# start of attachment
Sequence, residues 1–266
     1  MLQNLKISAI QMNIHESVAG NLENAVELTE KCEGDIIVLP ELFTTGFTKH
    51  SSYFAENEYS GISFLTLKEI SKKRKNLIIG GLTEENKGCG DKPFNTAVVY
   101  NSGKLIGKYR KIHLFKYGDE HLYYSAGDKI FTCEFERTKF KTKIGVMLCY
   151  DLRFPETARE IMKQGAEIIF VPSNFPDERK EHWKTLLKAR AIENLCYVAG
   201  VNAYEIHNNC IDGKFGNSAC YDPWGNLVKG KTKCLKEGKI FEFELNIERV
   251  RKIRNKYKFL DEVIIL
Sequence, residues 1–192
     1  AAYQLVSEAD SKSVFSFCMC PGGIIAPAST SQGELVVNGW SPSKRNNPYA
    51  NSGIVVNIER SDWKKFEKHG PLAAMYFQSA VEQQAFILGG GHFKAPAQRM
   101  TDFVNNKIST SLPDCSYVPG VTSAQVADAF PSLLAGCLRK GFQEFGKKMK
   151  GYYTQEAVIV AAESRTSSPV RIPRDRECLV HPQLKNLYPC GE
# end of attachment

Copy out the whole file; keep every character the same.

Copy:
Sequence, residues 1–266
     1  MLQNLKISAI QMNIHESVAG NLENAVELTE KCEGDIIVLP ELFTTGFTKH
    51  SSYFAENEYS GISFLTLKEI SKKRKNLIIG GLTEENKGCG DKPFNTAVVY
   101  NSGKLIGKYR KIHLFKYGDE HLYYSAGDKI FTCEFERTKF KTKIGVMLCY
   151  DLRFPETARE IMKQGAEIIF VPSNFPDERK EHWKTLLKAR AIENLCYVAG
   201  VNAYEIHNNC IDGKFGNSAC YDPWGNLVKG KTKCLKEGKI FEFELNIERV
   251  RKIRNKYKFL DEVIIL
Sequence, residues 1–192
     1  AAYQLVSEAD SKSVFSFCMC PGGIIAPAST SQGELVVNGW SPSKRNNPYA
    51  NSGIVVNIER SDWKKFEKHG PLAAMYFQSA VEQQAFILGG GHFKAPAQRM
   101  TDFVNNKIST SLPDCSYVPG VTSAQVADAF PSLLAGCLRK GFQEFGKKMK
   151  GYYTQEAVIV AAESRTSSPV RIPRDRECLV HPQLKNLYPC GE